On one hand, using multiple fonts in a print layout can open you to a world of creativity. On the other hand, if you use too many fonts (or if the fonts you choose don’t work well together), you don’t end up with creativity; you end up with a mess.
Type often obeys the engineering law “form follows function”. That is, a typeface should be appropriate to what the typesetter designed it to do. At the same time, that form needs to be aesthetically pleasing. The basis of good typographic design is balancing the two.
Bell Gothic was designed in 1938 to improve the legibility of phone directories, as well as provide economy of space.
Frutiger was designed to make airport signage easy to read from a distance.
Courier inspires a sense of nostalgia.
When choosing a font, choose a font appropriate to the task at hand. Think of fonts like clothing. What we wear should be appropriate to the weather as well as to the context (formal versus casual), but also be attractive. We normally don't dress up in our most extravagant attire everyday, just when the occasion arises.
Smashing Magazine wrote a great article titled "What Font Should I Use? 5 Principles for Choosing and Using Typefaces". Pulling from there, the author wrote:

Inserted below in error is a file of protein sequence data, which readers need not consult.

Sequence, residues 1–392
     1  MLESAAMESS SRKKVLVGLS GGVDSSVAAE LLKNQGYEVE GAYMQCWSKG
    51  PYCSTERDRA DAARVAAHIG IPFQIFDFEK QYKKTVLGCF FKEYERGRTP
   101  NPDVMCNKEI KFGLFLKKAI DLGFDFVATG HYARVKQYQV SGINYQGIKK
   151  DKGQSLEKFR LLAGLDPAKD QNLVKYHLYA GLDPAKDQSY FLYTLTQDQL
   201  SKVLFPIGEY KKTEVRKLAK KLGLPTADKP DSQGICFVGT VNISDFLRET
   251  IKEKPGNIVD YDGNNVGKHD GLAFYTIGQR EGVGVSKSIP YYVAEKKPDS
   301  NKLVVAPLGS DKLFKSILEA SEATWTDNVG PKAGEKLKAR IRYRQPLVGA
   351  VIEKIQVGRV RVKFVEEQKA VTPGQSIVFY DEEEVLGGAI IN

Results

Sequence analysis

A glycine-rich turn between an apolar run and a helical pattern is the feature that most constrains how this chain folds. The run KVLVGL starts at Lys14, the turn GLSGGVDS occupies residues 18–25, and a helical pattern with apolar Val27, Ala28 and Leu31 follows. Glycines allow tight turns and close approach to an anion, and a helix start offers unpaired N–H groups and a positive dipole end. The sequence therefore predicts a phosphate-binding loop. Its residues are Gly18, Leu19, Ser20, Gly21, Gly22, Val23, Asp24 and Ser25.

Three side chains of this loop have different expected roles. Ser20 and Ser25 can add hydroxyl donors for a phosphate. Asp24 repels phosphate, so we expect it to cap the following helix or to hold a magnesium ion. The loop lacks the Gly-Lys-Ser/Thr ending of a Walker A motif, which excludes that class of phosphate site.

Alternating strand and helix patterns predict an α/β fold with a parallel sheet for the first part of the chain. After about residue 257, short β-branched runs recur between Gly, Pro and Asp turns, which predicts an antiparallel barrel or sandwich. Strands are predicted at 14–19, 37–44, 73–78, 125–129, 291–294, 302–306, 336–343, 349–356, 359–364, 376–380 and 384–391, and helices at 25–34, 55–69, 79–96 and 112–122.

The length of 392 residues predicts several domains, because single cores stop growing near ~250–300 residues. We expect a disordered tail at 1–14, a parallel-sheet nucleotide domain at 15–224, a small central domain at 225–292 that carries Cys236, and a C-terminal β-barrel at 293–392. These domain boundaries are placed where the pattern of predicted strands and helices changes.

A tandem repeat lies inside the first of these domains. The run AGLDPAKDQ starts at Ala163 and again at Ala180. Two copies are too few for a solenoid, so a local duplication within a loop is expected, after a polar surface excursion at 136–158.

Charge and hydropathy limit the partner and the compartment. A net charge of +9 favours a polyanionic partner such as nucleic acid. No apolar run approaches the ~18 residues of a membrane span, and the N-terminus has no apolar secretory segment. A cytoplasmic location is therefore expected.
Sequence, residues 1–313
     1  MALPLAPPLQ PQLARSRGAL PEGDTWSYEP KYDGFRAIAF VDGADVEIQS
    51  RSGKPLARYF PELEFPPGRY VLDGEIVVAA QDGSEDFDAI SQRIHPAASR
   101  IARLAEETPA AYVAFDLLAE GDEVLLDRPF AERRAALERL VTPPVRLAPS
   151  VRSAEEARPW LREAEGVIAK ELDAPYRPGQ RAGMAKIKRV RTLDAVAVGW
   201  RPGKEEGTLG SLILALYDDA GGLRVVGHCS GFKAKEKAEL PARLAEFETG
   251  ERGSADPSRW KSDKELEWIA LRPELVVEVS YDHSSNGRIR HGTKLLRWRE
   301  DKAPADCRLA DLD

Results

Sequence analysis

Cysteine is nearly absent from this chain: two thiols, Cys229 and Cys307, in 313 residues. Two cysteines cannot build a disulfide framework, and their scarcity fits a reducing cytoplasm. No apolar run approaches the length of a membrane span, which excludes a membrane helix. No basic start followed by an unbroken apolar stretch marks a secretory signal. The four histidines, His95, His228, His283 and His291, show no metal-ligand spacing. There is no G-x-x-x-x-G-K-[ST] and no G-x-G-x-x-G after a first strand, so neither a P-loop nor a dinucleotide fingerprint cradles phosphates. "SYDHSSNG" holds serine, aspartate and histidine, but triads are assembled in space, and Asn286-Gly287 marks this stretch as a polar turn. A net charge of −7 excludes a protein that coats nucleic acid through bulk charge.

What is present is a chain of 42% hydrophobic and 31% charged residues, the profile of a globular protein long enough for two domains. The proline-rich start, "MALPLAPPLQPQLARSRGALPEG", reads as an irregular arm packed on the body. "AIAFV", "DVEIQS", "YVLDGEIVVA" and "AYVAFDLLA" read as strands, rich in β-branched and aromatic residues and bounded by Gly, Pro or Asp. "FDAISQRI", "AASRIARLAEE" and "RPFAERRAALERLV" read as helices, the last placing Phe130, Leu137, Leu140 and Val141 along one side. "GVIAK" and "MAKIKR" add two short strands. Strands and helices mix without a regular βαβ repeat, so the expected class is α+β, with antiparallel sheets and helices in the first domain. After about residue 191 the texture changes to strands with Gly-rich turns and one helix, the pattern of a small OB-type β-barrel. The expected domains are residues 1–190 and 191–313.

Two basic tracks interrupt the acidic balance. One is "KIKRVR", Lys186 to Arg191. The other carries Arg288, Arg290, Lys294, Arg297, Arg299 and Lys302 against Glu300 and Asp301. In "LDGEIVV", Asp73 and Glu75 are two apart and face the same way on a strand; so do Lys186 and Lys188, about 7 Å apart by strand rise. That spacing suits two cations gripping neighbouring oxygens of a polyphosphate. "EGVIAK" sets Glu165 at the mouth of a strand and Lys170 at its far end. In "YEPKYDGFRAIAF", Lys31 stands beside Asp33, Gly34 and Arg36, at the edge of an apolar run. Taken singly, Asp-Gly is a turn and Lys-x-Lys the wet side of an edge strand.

"My favorite piece of clothing is probably an outlandish pair of '70s flare bellbottoms that I bought at a thrift store, but the reality is that these don’t make it out of my closet very often outside of Halloween. Every designer has a few favorite fonts like this — expressive personal favorites that we hold onto and wait for the perfect festive occasion to use. More often, I find myself putting on the same old pair of Levis morning after morning. It’s not that I like these better than my cherished flares, exactly… I just seem to wind up wearing them most of the time.
Every designer has a few workhorse typefaces that are like comfortable jeans: they go with everything, they seem to adapt to their surroundings and become more relaxed or more formal as the occasion calls for, and they just seem to come out of the closet day after day."
Showy faces aren't taboo, they just ought to be used sparingly. More often than not, type faces need to be standard, practical, and most importantly, legible.
Some popular "workhorse" fonts include Helvetica, Garamond, Futura, Frutiger, and Rockwell.
Within a document, sometimes you wonder if you should add a second face or not. More commonly, making the headline thicker, with more weight, greater size, and sometimes even in an accent color, do the job perfectly well. However, sometimes adding a second type is what's needed. Smashing Magazine had a great insight regarding this: "keep it exactly the same, or change it a lot — avoid wimpy, incremental variations".
While it’s tempting to think that no one really pays close attention to fonts, there is often a subconscious visceral reaction to bad type, not unlike the subconscious reactions that we have poor color combinations or out-of-date clothing.
Understanding how font choices affect the perception and reception of documents is one of the crucial elements to good design. You should not treat it lightly. If you need help, just ask.